Some people swear that only antibiotics can overcome Lyme, while others find hope in alternative treatments. It seems that, in case of Lyme, what works for one person, proves to be a disaster for another. What struck me, was that you take the reader of your blog by the hand and guides on your own search for treatments and therapists that could help you. You seem to take matters into your own hands, instead of waiting for someone to present you a solution. I saw you even made your own personal schedule. How do you approach all these different experiences with solutions and approaches to this disease? It would confuse me immensely...

To me the most important thing to realize is that we are all searching for how to get better. For each of us, the way to recovery may be different. If not, there would be one doctor, one method or one medicine that would help us all. I look at every tip or suggestion of visitors of my blog.

Yet in the end, it is up to one’s own personal experiences with (natural) antibiotics / treatments, therapies and doctors. I am still constantly searching and in my blog I am just trying to show how my thinking evolves. I also give feedback on how I experienced the different treatments I selected in the hope that others find it useful.

What I find sad, and which sometimes hurts, are the discussions amongst people who suffer the same fate. To criticize the treatments of others is pointless, in my opinion. Our roads are equally tough, so let’s at least respect the choices we all make for ourselves. What helps one, does often not help another. That is a fact. Still, I would like to hear what benefits other people. Even if the only reason is to hear successful stories, which I think exist far too little.

In 2013 you heard that you had Lyme. In that same year you started your blog. What was your motivation to make your fight with Lyme and cancer public?

My motivation to share my experiences with my battle with Lyme publicly is the ignorance about it. I feel it is important to draw more attention to the subject and to clarify what it means to have and fight this disease. I try to contribute to this awareness by my blog.

When my blog was already online, I also got cancer. This would not have been a subject that I would have made public. But since I was already open about my Lyme fight, it just felt right to include it. Especially because it is suspected that Lyme can cause cancer.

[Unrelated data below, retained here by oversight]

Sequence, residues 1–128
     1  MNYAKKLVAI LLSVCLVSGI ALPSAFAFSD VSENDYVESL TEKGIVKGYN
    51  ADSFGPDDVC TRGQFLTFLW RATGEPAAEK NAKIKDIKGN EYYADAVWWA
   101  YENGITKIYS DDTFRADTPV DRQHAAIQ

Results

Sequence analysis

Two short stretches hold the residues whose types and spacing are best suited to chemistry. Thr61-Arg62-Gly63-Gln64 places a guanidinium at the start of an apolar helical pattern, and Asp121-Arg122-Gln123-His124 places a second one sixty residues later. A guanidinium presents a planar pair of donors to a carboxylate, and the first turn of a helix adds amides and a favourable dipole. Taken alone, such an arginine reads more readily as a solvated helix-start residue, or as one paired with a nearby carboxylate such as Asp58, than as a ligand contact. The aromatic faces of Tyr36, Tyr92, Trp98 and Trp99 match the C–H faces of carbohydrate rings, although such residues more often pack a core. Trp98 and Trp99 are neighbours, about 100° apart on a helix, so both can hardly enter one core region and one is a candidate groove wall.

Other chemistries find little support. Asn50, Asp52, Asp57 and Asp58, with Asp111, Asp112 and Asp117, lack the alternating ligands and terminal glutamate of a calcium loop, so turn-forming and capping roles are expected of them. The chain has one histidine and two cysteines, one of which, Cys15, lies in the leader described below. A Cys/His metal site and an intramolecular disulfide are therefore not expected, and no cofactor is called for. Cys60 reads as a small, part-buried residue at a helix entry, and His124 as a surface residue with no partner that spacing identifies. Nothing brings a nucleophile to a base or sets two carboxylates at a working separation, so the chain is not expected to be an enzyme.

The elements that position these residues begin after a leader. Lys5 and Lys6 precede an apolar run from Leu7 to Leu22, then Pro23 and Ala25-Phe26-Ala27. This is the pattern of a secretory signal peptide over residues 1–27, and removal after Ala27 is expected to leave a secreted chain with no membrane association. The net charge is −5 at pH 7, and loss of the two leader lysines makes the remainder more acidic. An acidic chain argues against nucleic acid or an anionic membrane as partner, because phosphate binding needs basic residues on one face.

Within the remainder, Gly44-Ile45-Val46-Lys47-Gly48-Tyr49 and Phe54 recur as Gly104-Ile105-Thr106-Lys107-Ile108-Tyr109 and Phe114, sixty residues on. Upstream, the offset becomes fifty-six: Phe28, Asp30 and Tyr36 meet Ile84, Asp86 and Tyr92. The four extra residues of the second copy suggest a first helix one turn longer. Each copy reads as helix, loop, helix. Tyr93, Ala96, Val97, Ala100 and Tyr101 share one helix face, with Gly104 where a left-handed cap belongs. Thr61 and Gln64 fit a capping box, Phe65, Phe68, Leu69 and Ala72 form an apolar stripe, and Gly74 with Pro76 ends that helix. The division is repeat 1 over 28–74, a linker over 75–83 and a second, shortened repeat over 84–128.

You have changed from being a young sportsman into a condition of serious illness in only a few years. How much did the disease affect you as a person?

It changed me tremendously, but not necessarily in a negative way. Of course it is a bit sour what happened to me. Everything I had has been taken away from me: my physical condition (sports and fitness), freedom (to be able to go and do whatever I wanted), my work, my financial stability, my social life, and so on. Accepting this has not been easy and took me a long time. I would lie to you if I would say I do not miss parts of my old life.

But this disease also taught me what is really important in life. It brought me a level of acceptance and adulthood that I did not have before. Happiness is not a result of success in society, but it does relate with doing what you love to do. To find pleasure in what you do. Surrounded with the right people, with whom respect and unconditional acceptance is leading.

The diagnose cancer was an eye-opener to me. First the plain shock and later the realization that it could be caused by Lyme. On the other hand I was upset by the fact that cancer is taken seriously, while Lyme si not at all. I find it poignant how chronic Lyme is still not recognized as a real and serious disease.

I do understand that cancer is much more appealing to the imagination and is known as a deadly disease; however, the contrast in response is completely off balance. For a short while it did concern me that I seemed to fight an extra battle, next to my fight with Lyme and its co-infections. But fortunately one operation proved to be enough. All checks have been reassuring, so the chances of cancer returning are low now. 

Below each blog post you write 'Never Surrender'. Where do you get your strength from? 

I get my strength mostly from my own will to get better again. There is so much in life I still want to do and achieve. I am relatively young. Of course this journey is not only physically tough, but also a mental and emotional challenge. The support that I receive from my family and fellow Lyme sufferers is invaluable for me to keep the courage and strength to continue.